Distribution of Contaminants in the NY/NJ Harbor Area

 

                                             Huan Feng*, Department of Earth & Environmental Studies, Montclair State University, Upper Montclair

                                                                                        NJ 07043.  fengh@mail.montclair.edu.

 

                                             Walter J. Jaslanek, Department of Earth & Environmental Studies, Montclair State University, Upper Montclair

                                                                                        NJ 07043. jaslanekwj@cdm.com.

 

                                              Eric A. Stern, US Environmental Protection Agency Region 2, New York, NY 10007-1866.

                                                                                        Stern.Eric@epamail.epa.gov.

 

                                              Keith W. Jones, Environmental Science Department, Brookhaven National Laboratory, Upton

                                                                                        NY  11973-5000. kwj@bnl.gov.

 

                                              Victor Onwueme, Department of Earth & Environmental Studies, Montclair State University, Upper Montclair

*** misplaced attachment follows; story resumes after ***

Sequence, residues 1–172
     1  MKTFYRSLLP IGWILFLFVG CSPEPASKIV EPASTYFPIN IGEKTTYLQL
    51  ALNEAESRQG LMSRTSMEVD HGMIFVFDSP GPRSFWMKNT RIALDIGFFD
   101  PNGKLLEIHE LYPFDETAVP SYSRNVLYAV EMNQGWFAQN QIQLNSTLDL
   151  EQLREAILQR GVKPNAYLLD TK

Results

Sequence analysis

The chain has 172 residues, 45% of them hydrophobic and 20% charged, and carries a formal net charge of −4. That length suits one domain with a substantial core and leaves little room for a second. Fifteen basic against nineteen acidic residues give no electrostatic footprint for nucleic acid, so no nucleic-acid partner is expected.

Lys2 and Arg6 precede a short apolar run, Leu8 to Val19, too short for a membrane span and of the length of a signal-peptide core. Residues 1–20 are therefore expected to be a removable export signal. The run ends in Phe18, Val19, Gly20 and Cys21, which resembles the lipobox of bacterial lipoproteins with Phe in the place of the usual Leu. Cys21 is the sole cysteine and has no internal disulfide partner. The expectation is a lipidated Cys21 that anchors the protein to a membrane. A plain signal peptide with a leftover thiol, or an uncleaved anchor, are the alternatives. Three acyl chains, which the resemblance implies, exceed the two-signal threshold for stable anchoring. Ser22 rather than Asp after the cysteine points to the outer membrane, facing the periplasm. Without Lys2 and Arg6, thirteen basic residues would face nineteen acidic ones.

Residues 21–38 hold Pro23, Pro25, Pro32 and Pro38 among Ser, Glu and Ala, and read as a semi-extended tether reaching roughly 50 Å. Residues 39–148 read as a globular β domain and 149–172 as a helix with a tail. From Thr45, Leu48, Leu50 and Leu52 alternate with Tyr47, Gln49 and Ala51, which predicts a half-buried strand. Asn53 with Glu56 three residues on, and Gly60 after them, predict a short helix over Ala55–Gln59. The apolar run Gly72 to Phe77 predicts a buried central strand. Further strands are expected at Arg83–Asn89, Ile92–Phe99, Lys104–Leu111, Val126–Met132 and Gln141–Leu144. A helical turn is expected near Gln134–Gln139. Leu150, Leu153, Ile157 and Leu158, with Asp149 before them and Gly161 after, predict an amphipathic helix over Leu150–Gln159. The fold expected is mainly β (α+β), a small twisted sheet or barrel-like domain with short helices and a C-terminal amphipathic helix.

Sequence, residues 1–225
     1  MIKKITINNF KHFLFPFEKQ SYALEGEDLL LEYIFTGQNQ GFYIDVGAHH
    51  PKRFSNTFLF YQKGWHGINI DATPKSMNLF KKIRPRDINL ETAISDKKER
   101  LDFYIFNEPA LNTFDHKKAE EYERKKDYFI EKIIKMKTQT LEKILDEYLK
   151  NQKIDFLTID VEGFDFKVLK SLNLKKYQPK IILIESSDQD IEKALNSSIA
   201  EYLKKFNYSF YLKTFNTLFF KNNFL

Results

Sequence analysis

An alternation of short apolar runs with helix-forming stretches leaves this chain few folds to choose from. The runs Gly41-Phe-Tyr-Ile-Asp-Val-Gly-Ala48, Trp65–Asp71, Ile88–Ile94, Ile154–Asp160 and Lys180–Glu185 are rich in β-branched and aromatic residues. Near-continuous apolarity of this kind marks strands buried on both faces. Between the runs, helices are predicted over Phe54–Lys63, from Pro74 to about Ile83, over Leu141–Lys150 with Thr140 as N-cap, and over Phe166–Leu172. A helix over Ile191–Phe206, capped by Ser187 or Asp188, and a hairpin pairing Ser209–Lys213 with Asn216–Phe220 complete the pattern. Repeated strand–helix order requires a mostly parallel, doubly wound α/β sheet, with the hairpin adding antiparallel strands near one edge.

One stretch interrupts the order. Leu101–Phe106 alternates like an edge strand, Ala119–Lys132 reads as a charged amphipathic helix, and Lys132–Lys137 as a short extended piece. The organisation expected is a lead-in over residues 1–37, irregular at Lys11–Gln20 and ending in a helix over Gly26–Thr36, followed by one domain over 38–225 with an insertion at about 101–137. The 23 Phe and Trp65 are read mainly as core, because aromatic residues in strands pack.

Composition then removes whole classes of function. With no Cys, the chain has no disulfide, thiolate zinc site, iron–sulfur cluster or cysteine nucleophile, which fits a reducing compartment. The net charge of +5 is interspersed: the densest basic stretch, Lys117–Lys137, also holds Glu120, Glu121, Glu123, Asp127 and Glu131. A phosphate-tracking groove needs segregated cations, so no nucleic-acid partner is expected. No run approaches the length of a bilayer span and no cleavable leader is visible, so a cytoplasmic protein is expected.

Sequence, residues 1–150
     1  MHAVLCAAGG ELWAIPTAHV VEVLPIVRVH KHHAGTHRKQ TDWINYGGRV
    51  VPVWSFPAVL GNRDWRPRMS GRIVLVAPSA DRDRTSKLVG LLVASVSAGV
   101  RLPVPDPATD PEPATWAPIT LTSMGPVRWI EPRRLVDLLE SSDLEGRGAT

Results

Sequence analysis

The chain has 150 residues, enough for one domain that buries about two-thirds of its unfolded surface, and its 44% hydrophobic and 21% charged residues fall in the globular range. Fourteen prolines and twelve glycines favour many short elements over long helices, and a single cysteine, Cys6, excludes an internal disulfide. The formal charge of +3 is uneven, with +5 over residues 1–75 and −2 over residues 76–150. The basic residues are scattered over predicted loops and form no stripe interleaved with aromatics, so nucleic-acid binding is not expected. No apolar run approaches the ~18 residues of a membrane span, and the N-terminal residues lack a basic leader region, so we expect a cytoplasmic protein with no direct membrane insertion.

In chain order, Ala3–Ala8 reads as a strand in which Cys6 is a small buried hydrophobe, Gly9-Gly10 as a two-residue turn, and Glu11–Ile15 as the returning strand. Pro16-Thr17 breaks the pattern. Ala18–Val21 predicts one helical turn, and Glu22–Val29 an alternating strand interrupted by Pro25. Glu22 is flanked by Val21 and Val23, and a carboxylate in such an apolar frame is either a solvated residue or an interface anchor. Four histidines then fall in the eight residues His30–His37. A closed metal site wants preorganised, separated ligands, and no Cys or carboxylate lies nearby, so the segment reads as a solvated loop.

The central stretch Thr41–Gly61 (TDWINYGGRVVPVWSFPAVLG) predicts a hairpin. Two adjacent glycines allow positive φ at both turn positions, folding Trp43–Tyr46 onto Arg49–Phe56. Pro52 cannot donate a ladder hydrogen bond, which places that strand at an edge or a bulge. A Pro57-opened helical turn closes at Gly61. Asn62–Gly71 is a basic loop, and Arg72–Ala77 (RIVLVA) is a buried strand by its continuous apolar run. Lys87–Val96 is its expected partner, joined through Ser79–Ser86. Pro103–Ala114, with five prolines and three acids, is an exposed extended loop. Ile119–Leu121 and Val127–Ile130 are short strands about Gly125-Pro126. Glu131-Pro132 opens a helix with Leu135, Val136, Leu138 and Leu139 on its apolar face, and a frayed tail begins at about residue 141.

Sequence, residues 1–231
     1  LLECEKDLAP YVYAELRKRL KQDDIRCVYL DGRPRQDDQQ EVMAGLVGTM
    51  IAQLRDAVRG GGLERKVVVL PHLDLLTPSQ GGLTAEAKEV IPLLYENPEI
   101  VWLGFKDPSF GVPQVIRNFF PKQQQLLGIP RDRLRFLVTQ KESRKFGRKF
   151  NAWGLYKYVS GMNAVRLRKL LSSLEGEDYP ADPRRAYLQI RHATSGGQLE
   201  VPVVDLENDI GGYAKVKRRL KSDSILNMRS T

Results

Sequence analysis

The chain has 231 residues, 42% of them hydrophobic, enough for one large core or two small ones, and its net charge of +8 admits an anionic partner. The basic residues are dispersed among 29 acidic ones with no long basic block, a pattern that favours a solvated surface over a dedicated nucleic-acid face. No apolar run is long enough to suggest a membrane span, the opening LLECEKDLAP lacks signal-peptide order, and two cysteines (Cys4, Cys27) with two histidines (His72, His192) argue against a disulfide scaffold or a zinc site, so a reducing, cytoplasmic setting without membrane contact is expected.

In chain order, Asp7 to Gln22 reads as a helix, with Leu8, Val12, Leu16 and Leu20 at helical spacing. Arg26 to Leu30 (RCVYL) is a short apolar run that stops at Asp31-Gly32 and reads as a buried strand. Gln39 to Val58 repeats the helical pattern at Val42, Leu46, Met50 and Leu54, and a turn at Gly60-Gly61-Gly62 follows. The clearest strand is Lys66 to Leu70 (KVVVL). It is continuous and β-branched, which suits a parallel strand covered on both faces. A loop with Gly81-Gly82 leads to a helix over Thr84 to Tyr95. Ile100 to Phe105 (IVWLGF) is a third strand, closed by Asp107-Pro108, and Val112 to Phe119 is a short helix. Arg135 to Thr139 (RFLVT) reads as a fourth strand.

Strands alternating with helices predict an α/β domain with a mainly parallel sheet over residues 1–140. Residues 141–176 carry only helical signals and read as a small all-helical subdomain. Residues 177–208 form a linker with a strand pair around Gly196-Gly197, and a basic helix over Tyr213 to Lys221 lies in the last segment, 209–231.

NJ 07043. onwuemev1@mail.montclair.edu.

 

 

 

                The NY/NJ Harbor is part of a complex estuarine system that includes the Passaic River and Newark Bay.  Sediments in this region are widely contaminated by inorganic and organic pollutants that include heavy metals, PAHs, PCBs, dioxins, and furans that have deleterious environmental effects. For example, sediment cores collected in the lower Hudson River estuary for heavy metal analysis show that anthropogenic metal contaminants are present mostly in the marginal areas at depths of >10 cm. Sediment samples taken from the Newark Bay and Passaic River show high concentrations of PAHs, which could be associated with historical discharges or accidental spills from industrial facilities. The “hot spots” found in this area suggest that the urban source input such as municipal sewage and wastewater are the important sources of these contaminants to the harbor.  A trend of Ag concentration with 210Pb activity in the lower Hudson River estuary suggests a history of contamination with time.  In order to spatially characterize contamination from point and non point sources, we use geographic information systems (GIS) to map both surface sediment contaminants and integrated core sediments, producing a predictive model that enhances the validating and characterization of the fate and transport of the pollutants. Results are further analyzed, to: 1) determine the nature and extent of pollution in the system, 2) characterize the sources of contaminants, 3) determine highly concentrated “hot spots” of specific contaminants, and 4) assessing their potential environmental impact.

 

* Contact author.